NULL WINDS Technology - Direct Sales
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Null Winds Technology - Direct Sales

Upper Wheel Deflectors (1 Set)

$ 299.00 $ 399.00

COMING SOON! Early 2023

Null Winds Technology's Upper Wheel Deflectors are low-cost, easily installed aerodynamic deflector panels that are proven to be even more effective in windy conditions, precisely when fuel economy suffers the most. This patented method for optimal vehicle drag reduction proves that ALL open-wheel vehicles needlessly waste fuel by exposing the much faster forward-moving uppermost wheel surfaces directly to headwinds. Extensively road-tested on both loaded semi-trailers and on bicycles, this innovative approach uses an optimally sized panel to shield only the faster upper wheel in order to actually minimize vehicle drag. New Upper Wheel Deflectors avoid needless fuel waste, by using standard beam clamps to secure a slanted rigid panel to 3-inch tall I-beams spaced around 12 inches apart, to divert headwinds around the much faster upper tire surfaces that otherwise induce far more vehicle drag than does the deflector itself.

Null Winds Technology's Upper Wheel Deflectors have shown ~¾% fuel savings on fully-loaded 53’ semitrailers under industry standard no-wind (our worst case) conditions. Extensive road testing has proven that in headwind (best case) conditions, gains can more than double, even triple. So for a much smaller class six box truck in windy conditions, savings should far exceed 1%, and could easily double facing headwinds. Thus, shorter 28’ LTL semi-trucks or even 53’ trailers with too short trailer skirts (exposing wheels to crosswinds) will also benefit, especially in windy conditions. LTL fleets can now save otherwise wasted fuel with our low-cost deflector panels. And drivers of class six box trucks have even noticed a smoother highway cruise.

Simple Installation.

For class 6-8 box truck and semi-trailers, one set of panels clamp to 3 inch tall I-beans ideally spaced about 12 inches apart. However, the clamps can also be adjusted for I-beam spacing anywhere between from 10-14 inches apart.  Please confirm your I-beam configuration.  Deflectors are made of conventional trailer skirt panel for years of worry-free performance. Hardward consists of simple U-channel stems supporting the panel that are connected to standard I-beam clamps via simple angle brackets using 3/8"  bolts.  A set of panels can be easily assembled and installed on the truck in less than 30 minutes.  And the vertical position of the deflector panels can be adjusted for either the typical 5-6" tire clearance on class six box trucks or for 3-4" typical tire clearance on most semitrailers.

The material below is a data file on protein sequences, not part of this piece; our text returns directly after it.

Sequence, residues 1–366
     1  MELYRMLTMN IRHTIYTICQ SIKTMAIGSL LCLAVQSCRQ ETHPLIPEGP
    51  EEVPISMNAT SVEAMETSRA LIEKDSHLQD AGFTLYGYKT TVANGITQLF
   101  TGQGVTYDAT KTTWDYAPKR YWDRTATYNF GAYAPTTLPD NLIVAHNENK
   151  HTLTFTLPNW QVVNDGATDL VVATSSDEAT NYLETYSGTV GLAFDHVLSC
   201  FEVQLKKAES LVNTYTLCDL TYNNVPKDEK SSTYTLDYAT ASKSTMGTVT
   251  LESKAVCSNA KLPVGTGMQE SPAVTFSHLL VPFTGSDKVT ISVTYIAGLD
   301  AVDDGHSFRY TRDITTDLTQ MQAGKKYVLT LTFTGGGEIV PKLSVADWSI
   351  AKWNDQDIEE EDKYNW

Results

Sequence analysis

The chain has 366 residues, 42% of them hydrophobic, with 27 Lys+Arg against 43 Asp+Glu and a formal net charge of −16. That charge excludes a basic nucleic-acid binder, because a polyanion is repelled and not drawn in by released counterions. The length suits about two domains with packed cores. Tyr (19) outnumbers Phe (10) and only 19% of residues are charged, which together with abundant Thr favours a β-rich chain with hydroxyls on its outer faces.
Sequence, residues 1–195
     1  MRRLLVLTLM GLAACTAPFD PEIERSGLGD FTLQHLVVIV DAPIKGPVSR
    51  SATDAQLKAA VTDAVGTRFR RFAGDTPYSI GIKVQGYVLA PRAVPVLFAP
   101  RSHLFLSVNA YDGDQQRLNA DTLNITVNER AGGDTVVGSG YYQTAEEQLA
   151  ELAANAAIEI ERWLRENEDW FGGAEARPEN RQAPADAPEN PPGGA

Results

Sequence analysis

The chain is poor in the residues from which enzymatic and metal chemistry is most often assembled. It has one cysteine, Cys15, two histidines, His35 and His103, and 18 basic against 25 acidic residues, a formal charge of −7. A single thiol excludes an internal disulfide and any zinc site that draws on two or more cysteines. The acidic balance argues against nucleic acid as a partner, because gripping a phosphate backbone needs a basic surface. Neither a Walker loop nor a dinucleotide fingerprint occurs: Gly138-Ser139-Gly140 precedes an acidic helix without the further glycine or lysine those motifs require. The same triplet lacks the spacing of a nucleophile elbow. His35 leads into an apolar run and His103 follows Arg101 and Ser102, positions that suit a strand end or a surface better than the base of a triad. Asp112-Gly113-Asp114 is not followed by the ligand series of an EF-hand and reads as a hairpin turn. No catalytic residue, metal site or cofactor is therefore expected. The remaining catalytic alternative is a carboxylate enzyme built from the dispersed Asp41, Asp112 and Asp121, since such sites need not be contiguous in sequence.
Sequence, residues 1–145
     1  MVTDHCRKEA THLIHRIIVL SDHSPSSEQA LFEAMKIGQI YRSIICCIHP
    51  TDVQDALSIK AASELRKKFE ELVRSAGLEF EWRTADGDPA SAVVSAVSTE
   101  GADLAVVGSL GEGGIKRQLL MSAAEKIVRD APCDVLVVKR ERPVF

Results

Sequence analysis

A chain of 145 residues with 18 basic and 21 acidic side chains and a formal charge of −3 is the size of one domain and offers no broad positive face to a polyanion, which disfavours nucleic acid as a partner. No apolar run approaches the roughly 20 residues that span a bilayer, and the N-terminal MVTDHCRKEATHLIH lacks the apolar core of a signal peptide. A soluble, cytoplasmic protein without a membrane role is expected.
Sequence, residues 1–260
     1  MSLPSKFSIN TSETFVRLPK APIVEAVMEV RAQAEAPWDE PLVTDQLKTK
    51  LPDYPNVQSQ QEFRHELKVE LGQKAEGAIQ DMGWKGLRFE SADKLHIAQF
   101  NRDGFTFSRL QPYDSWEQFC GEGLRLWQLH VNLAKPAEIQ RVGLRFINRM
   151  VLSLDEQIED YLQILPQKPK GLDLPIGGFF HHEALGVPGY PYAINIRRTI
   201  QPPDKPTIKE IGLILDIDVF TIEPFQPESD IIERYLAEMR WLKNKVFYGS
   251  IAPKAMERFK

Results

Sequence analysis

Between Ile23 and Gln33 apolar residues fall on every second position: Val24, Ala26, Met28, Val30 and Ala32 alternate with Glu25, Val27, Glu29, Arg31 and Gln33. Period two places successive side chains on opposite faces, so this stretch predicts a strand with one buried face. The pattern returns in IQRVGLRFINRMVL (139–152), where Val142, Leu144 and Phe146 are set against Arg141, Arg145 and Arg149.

For a Limited  time, FREE sample panel or discounted full set.

Fleet Managers: Please contact us @ for a promo code to order your FREE sample panel, or good for an equivalent discount toward a full panel set. Code can be applied at checkout. (Fleets ≥10 LTL Vehicles)

Don't wait to evaluate this new patented aerodynamic device on your LTL truck or trailer.  Introductory pricing for early adopters will not last. Take advantage of introductory discounts to outfit your fleet now. And be one of the first to enjoy enhanced fuel savings with our economical, cost-effective deflector panels.

Drag Mechanics Further Explained (for only those with a technical interest).

Our numerous patents show that all open-wheeled vehicles needlessly waste fuel by exposing the top portion of the wheel whose surface necessarily moves forward directly against the wind at twice the vehicle speed. (It is only the outline of the wheel that appears to move forward at the vehicle speed. The wheel surfaces move forward anywhere between zero at the stationary ground to up to twice the vehicle speed at the top of the wheel.) Thus, if the vehicle speed is at 65 mph, the top forward-moving surface of the open wheel is exposed to 130 mph winds plus any additional headwind that may be present at the time.